In the background we see the baseball field and the Steward Observatory.
Most important member of the University physical education
and coaching staff under McKale is Miles W. Casteel, head foot-
ball mentor. This former Michigan State scout deluxe and assist-
ant coach completed a highly successful first year with a record
of six wins and four defeats. With Arizona's best frosh material
available the prospects of Arizona football in the future look
As his assistant Casteel brought a former All-American end
from Michigan, Lou Zarza, to Arizona. Lou can always be
spotted easily on the practice field because of his fancy All-Star
pants. Fred Enke aids "Mike" as line coach while "Bud" Robin-
son, former Wildcat end, is the fourth member of the varsity staff.
To Elmer "Butch" Vickers and a staff of P.E. majors falls
the important task of teaching the Freshmen the fundamentals
of the Notre Dame system each fall. Last year Vickers' student
assistants were Earl Geiske, George Ahee and Carl Cooper.
A graduate engineer, Fred Enke, has guided the destinies
of Arizona's basketball teams for the last fifteen years in addi-
tion to his help on the gridiron. Making its best showing in re-
cent years the Cats last season tied the New Mexico Aggies, the
defending champs, for the Border Conference title. Vickers also
tutors the Frosh Hoopsters.
Tom "Limey" Gibbings, varsity track and field coach, has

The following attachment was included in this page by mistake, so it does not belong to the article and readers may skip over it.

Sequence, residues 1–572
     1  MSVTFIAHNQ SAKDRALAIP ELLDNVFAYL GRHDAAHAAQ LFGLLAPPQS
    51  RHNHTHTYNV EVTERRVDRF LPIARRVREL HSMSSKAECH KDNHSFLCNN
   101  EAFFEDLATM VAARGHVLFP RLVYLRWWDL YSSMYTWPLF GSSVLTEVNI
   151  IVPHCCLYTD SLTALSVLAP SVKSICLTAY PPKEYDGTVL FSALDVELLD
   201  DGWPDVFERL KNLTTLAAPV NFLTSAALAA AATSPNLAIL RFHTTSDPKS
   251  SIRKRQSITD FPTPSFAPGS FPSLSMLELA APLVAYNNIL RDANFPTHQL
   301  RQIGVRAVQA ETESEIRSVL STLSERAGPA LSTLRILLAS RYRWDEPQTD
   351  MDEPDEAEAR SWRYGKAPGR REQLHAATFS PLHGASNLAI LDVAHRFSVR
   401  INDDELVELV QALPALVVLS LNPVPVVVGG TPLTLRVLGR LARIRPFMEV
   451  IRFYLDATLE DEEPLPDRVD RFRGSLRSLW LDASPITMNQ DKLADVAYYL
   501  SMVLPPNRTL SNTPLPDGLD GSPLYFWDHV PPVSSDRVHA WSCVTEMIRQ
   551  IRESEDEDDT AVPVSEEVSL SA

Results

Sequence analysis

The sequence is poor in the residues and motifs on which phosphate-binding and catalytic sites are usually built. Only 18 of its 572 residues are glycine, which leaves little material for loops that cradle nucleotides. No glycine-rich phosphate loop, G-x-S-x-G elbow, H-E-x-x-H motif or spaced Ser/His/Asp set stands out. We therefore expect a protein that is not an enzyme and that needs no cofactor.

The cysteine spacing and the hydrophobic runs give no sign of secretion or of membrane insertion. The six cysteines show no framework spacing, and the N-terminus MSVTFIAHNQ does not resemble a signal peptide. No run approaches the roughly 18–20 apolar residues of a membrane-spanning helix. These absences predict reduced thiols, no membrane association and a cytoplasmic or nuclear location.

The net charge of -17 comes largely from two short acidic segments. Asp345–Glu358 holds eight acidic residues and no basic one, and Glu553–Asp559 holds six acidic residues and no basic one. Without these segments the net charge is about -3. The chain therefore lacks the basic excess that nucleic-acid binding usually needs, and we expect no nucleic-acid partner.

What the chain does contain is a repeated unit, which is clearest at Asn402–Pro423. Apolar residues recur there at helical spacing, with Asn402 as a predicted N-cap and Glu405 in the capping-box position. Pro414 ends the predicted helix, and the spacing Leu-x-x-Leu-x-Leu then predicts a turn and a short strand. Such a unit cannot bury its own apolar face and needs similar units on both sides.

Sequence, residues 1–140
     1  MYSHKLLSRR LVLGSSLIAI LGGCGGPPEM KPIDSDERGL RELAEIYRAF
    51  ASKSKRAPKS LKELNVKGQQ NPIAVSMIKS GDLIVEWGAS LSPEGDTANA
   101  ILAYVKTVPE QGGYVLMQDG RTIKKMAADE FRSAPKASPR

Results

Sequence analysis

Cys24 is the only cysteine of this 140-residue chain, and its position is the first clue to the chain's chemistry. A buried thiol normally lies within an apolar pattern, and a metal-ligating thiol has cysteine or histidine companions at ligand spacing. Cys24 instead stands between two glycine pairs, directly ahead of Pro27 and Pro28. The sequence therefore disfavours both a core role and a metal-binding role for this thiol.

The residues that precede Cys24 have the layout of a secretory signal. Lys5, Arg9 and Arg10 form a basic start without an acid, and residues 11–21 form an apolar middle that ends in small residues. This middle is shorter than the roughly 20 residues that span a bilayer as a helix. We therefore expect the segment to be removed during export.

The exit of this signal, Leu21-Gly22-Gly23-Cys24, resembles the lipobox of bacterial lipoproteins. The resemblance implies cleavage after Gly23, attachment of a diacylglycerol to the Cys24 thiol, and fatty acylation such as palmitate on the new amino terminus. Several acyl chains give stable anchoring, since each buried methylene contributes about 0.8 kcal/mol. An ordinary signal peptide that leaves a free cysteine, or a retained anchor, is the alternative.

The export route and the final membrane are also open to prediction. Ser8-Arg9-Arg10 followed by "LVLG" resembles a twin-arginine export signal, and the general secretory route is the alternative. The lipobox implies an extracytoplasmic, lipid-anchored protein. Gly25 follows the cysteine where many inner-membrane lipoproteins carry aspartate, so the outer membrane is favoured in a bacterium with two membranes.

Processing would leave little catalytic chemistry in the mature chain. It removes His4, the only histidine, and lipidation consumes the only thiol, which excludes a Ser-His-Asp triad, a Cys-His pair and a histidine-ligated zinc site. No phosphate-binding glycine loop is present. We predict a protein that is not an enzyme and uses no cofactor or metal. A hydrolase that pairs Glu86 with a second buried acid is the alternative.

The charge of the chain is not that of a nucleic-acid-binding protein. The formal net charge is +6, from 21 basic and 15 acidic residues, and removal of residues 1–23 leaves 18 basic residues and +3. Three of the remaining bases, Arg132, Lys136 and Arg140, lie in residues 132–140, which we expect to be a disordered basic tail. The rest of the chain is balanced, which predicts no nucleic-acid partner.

been a member of the Arizona staff since l926. An Arizona
graduate, "Limey" also is in charge of the university's large
Coaching the Wildcat boxers and wrestlers is loseph F.
"Pic" Picard, who also has charge of the intrarnurals in these
Lt.-Col. T. G. Peyton has coached the Cat poloists for the
last two seasons and has produced teams which rank with the
best college fours in the nation.
Taking time off from his duties as registrar, C. Z. "Zip"
Lesher finds time to coach the varsity and frosh netmen.
The Board of Control of the Associated Students has an ime
portant hand in the control of athletics at the University of Ari-
zona in that it must approve all athletic budgets and schedules.
This Board is the regular body which governs all student
activities. Miss lna Gittings and T. P. McKale, directors of
athletics, are also members of the Board but they vote only on
matters pertaining to athletics.
A "Believe it or not" column could easily be
written about the various expenses incurred by
the University of Arizona during a football season.
Not that football is the only sport in which we
find this true, but it has the most extensive system.
For example, the university spent 597.50 for
a street announcer during the season. Training
cost 51,003.22, 5470.13 of which went for medi-f
cal attention and 5533.09, the rest, went to pur-
chase medical supplies. Laundry expenses
amounted to 51,143.08. For the benefit of the
enthusiastic Knot Hole Gang 567.15 was spent.
Scouting was done on a rather large scale. Trips
were made to California, Texas, New Mexico, and
Wisconsin by Fred Enke and Bud Robinson to get
information on Wildcat opponents. Expenditures
amounted to 5591.65 for the varsity reports,
575.35 for the freshmen, and 5111.92 for addi-
tional reports. The staff also subscribed to the
different newspapers of the various cities where
our opponents were located.
Trip Expenses Guarantees
Minnesota ,,..,,,,,,,, 519,284.42 54,038.23
Marquette ............ 4,000.00 4,470.06
New Mexico ........ 1,500.00 1,576.21
Texas Mines ..... .. 1,588.40 889.42
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THE "STUDENT SECTION" on the east side of the gridiron was built in 1938 at a cost of
539,000 The center section is reserved for students in the card stunts which this year were
under the supervision of Johnny Booth. Here we see the card section in action during
halftime of the Montana game.